In our latest Next Time Out blog, we’ve picked out three horses who are certainly worth sticking in your notebooks ahead of their next runs.
Read on as to why we’ve picked them out.
This David Menusier-trained grey can be forgiven for his last two lacklustre efforts and improvement can be expected next time out. The three-year-old was unbeaten last year and in his two outings over the winter beat some nice types that have kicked-on this year. Aleas has won three times since losing out to Belloccio and has an official rating of 98, while Mohaafeth has also gone on to score three times and looks set to go to the Derby with a live chance. Also, on the grey’s hit list was Cirona who last month won a Group 3 event at Longchamp.
The two runs he has had this year have been in Group 2 and 3 company on good ground, and the form of his two wins last year suggest a bit of cut underfoot will do his chances no harm. This looks a horse that will be worth keeping an eye on for a shrewd trainer.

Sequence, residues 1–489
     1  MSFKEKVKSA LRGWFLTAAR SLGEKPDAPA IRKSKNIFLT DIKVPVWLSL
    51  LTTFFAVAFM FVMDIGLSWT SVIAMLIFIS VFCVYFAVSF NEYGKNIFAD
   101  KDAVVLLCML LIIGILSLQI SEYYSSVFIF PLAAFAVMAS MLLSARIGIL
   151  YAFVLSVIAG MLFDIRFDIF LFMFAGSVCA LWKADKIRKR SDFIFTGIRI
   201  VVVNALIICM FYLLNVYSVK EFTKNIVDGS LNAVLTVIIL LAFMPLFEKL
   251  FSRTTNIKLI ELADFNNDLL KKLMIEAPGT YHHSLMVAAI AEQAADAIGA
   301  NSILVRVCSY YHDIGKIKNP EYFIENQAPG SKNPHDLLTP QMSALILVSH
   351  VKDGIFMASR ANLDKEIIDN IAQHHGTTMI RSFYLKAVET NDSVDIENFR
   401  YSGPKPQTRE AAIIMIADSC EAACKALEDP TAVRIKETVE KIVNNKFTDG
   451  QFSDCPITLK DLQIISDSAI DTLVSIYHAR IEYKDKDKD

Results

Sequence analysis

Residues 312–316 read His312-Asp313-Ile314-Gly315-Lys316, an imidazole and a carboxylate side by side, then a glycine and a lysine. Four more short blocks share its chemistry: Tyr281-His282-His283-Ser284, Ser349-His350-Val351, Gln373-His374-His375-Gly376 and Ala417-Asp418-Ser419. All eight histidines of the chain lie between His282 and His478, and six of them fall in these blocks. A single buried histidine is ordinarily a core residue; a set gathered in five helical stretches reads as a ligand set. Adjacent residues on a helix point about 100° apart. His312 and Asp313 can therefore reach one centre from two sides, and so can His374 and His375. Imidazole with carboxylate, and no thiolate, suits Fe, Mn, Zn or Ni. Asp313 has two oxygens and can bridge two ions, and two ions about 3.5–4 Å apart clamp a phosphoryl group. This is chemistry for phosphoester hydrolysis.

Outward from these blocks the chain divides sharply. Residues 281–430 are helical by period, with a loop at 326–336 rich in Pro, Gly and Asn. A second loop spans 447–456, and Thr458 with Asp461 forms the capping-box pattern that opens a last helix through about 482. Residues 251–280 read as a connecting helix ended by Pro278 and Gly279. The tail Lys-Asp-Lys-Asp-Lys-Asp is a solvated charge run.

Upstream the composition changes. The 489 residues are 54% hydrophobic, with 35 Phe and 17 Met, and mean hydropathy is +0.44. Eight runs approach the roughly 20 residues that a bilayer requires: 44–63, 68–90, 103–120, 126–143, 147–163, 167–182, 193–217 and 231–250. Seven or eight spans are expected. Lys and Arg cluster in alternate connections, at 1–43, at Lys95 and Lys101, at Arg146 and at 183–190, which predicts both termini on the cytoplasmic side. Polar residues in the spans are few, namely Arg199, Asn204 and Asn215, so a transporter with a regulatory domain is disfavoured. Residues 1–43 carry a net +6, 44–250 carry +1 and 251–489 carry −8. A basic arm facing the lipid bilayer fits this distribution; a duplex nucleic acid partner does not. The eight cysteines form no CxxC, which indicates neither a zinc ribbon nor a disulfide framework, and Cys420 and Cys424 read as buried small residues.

Big Little Lie
Following a trio of hapless efforts in novice company (at odds of 50/1, 125/1 and 200/1), Big Little Lie made a minor mockery of her handicap at Brighton on Monday.
The Jamie Osborne-trained three-year-old by Dark Angel slumped out of the stalls and had traffic problems in the middle of the race but finished with a rattle to score cosily.
It will be interesting to see what the handicapper makes of that effort, but she should be winning again soon if not hiked above a rating of 60 (currently 54) and could well work out to be a filly worth following throughout the season as she continues her upward curve.
Saffie Osborne gets on well with the filly which is important given the three-year-old’s apparent immaturity, and her claim, though recently reduced to 5lbs from a generous 7lbs, remains of good value at the moment.
All eyes were on the winner of the opening fillies’ maiden at Goodwood as Flotus created a very good impression when scoring by over four lengths on her first career start, however Profound Alexander might be one to keep an eye on too.
William Muir and Chris Grassick’s filly was held up and found herself with little room on the inner for much of the journey.
She had little joy when attempting to deliver her challenge and when the gaps finally opened the winner was away and gone.
The two-year-old flew home, though, and there is plenty to suggest she would have finished a good deal closer had she not endured the nightmare passage that she did.